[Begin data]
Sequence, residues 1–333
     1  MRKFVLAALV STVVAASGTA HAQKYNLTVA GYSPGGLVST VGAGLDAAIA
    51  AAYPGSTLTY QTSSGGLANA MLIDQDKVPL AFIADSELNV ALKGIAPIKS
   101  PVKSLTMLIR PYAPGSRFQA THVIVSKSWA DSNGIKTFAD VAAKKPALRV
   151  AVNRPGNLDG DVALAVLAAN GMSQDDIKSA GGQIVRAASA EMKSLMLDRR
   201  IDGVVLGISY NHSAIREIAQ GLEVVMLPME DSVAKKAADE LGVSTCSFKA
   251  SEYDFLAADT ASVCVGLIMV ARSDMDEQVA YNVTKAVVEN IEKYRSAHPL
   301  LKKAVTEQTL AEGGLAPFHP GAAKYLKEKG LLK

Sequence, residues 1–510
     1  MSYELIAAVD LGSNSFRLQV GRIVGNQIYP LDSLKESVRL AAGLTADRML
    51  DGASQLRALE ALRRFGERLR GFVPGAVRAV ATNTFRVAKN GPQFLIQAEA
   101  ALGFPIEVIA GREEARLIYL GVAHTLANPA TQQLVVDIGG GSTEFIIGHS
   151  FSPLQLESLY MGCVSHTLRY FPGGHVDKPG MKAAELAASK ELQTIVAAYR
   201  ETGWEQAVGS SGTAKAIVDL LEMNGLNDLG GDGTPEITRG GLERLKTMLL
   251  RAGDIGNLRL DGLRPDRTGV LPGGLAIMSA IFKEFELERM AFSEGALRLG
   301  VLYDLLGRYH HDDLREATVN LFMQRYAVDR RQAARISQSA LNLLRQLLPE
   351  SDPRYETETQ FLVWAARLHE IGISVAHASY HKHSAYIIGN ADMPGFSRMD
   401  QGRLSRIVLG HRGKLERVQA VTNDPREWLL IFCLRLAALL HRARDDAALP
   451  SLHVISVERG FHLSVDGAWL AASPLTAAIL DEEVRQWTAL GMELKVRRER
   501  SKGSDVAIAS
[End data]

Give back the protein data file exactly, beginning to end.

Sequence, residues 1–333
     1  MRKFVLAALV STVVAASGTA HAQKYNLTVA GYSPGGLVST VGAGLDAAIA
    51  AAYPGSTLTY QTSSGGLANA MLIDQDKVPL AFIADSELNV ALKGIAPIKS
   101  PVKSLTMLIR PYAPGSRFQA THVIVSKSWA DSNGIKTFAD VAAKKPALRV
   151  AVNRPGNLDG DVALAVLAAN GMSQDDIKSA GGQIVRAASA EMKSLMLDRR
   201  IDGVVLGISY NHSAIREIAQ GLEVVMLPME DSVAKKAADE LGVSTCSFKA
   251  SEYDFLAADT ASVCVGLIMV ARSDMDEQVA YNVTKAVVEN IEKYRSAHPL
   301  LKKAVTEQTL AEGGLAPFHP GAAKYLKEKG LLK

Sequence, residues 1–510
     1  MSYELIAAVD LGSNSFRLQV GRIVGNQIYP LDSLKESVRL AAGLTADRML
    51  DGASQLRALE ALRRFGERLR GFVPGAVRAV ATNTFRVAKN GPQFLIQAEA
   101  ALGFPIEVIA GREEARLIYL GVAHTLANPA TQQLVVDIGG GSTEFIIGHS
   151  FSPLQLESLY MGCVSHTLRY FPGGHVDKPG MKAAELAASK ELQTIVAAYR
   201  ETGWEQAVGS SGTAKAIVDL LEMNGLNDLG GDGTPEITRG GLERLKTMLL
   251  RAGDIGNLRL DGLRPDRTGV LPGGLAIMSA IFKEFELERM AFSEGALRLG
   301  VLYDLLGRYH HDDLREATVN LFMQRYAVDR RQAARISQSA LNLLRQLLPE
   351  SDPRYETETQ FLVWAARLHE IGISVAHASY HKHSAYIIGN ADMPGFSRMD
   401  QGRLSRIVLG HRGKLERVQA VTNDPREWLL IFCLRLAALL HRARDDAALP
   451  SLHVISVERG FHLSVDGAWL AASPLTAAIL DEEVRQWTAL GMELKVRRER
   501  SKGSDVAIAS